Beyond History Blog

The meaning of calendars in genealogical research in Germany – part three

Andrea Bentschneider - 25. January 2017 - Genealogy, General, Knowledge, Historical Documents

How could genealogical research be conducted without time and dates? After we have already explained the different calendrical systems in previous blog posts, in this article we would like to present the Julian calendar and the Gregorian calendar, the latter is valid today in Western countries.

The Julian calendar

Julius Caesar once assigned a mathematician and astronomer working out a solar calendar. In the year 45 BC the Julian calendar superseded the Roman lunar calendar. According to the Julian calendar, a new year began on 01 January instead on 01 March – the month names “September” (the Seventh) and “December” (the Tenth) still bear witness that a year and its months previously were counted in another way. The Julian calendar also brought a periodical leap year rule which was, however, incorrect and therefore modified under the reign of Augustus.

The Julian calendar also introduced new month names we still know today: The fifth month was renamed "iulius"in honor of Caesar; in honor of Augustus the month "sextilis" was renamed "augustus". Augustus is reputed to  extend"his" month to 31 days (and shorten the February for this) in order to be in no way inferior to Caesar.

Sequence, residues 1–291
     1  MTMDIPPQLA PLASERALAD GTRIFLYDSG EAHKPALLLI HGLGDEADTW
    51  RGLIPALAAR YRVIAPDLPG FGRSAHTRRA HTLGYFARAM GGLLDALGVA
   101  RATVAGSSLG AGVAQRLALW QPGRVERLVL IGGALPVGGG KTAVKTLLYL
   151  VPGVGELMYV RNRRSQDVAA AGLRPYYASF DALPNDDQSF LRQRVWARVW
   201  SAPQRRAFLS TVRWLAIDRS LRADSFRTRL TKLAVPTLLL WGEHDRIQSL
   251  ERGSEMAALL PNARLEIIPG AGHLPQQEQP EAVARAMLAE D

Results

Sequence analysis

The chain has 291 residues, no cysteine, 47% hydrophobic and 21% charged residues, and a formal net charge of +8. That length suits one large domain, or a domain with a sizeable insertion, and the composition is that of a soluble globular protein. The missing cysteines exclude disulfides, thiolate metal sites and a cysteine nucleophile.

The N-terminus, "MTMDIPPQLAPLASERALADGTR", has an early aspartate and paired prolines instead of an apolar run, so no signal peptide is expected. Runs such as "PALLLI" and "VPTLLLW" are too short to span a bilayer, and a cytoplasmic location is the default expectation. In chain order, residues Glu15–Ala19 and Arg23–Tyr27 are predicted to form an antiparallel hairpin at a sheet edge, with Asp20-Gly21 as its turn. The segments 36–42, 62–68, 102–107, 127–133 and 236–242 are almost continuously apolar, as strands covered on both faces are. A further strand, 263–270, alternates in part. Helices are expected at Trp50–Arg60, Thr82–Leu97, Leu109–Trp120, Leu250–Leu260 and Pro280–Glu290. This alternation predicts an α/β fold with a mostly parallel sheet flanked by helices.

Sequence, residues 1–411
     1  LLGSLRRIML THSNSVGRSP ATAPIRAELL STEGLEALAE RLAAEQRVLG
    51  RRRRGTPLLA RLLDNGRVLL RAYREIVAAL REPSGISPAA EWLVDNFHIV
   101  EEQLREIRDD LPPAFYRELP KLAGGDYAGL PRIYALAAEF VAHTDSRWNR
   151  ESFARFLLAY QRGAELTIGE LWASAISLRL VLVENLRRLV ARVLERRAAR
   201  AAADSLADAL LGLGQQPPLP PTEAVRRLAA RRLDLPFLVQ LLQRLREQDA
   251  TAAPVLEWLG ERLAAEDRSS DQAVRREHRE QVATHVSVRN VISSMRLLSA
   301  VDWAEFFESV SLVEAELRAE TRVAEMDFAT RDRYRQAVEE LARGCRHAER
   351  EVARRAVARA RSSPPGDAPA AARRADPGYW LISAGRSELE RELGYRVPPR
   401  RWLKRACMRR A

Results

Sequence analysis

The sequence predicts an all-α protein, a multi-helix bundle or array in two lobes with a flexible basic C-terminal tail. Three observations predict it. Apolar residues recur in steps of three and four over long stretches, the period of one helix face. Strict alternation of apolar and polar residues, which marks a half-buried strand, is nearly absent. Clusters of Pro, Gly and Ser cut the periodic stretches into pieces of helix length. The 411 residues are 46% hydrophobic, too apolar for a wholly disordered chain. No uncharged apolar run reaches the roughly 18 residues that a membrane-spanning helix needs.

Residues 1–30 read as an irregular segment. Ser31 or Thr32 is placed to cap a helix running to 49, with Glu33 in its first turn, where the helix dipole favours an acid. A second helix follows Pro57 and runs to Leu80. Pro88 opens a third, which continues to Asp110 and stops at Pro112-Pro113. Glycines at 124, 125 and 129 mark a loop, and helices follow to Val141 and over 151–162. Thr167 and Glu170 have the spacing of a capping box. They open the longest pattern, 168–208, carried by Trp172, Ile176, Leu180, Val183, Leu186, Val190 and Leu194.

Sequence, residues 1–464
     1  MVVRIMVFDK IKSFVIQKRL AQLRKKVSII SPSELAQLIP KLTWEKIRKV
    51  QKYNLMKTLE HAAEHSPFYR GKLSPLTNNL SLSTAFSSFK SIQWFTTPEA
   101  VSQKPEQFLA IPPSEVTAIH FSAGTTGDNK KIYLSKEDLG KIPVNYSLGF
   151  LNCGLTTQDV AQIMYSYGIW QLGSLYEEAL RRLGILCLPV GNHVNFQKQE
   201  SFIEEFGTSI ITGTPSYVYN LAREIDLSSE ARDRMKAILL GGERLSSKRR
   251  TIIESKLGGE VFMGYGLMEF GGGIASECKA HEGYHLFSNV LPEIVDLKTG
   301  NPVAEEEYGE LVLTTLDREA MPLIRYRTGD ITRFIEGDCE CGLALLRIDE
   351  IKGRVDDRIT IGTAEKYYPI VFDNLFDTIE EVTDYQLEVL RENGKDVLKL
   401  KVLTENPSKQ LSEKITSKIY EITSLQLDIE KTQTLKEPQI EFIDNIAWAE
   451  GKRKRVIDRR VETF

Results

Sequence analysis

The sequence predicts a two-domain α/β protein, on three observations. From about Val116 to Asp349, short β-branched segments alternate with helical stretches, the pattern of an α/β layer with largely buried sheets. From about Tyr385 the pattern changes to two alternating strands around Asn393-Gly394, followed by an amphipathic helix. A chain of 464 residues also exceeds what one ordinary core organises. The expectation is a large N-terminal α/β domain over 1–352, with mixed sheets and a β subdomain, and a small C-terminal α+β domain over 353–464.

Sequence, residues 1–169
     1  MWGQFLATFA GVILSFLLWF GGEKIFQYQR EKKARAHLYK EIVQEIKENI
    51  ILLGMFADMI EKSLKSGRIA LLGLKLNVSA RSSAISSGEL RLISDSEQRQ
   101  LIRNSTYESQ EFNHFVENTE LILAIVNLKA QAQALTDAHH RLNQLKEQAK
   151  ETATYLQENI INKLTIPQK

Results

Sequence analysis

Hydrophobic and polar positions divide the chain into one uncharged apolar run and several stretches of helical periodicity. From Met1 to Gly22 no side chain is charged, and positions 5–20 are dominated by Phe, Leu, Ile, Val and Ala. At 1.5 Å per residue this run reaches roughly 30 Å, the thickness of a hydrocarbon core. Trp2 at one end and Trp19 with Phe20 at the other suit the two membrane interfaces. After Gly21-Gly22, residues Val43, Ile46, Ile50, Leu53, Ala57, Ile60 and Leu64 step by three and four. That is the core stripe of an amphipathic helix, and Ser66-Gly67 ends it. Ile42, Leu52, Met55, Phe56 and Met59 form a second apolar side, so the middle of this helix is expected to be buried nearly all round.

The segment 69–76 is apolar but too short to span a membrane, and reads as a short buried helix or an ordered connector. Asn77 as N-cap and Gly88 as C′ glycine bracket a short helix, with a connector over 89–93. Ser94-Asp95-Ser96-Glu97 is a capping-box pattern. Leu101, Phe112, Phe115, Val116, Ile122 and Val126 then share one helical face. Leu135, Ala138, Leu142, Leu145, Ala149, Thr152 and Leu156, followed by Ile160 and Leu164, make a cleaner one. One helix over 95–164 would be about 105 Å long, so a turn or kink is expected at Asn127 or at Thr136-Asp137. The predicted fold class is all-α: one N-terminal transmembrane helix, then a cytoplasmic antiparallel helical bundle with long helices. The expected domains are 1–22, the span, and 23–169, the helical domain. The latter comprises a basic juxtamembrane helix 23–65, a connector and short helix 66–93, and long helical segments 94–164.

The Julian calendar included an inaccuracy between the calendrical year and the solar year, hence the Christian holidays shifted among other things. This, of course, displeased the Church. In 1582, Pope Gregory VIII enacted reforming the calendrical system - the Gregorian calendar arose.

The Gregorian calendar

With the Gregorian calendar, the leap year rule was reformed and the calculation of the Easter festival has been redefined among others.

Moreover, it is to mention that the date of the conversion from the Julian to the Gregorian calendar differed: in the Catholic parts of Germany, the Gregorian calendar was introduced already in 1583, but in the Protestant areas not until around 1700. Actually, in Russia and Greece the Gregorian calendar became valid in around 1920.

Conversion from Julian to Gregorian calendar

Due to the differences between the two calendar systems, the Julian calendar lags behind13 days. In order to convert a Julian date to the Gregorian calendar, these 13 days need to be added.

The Russian Orthodox Church actually still uses the Julian calendar and celebrates the Christmas Day on 7th January - which is 13 days after the Christmas Day inGregorian calendar (26 December).


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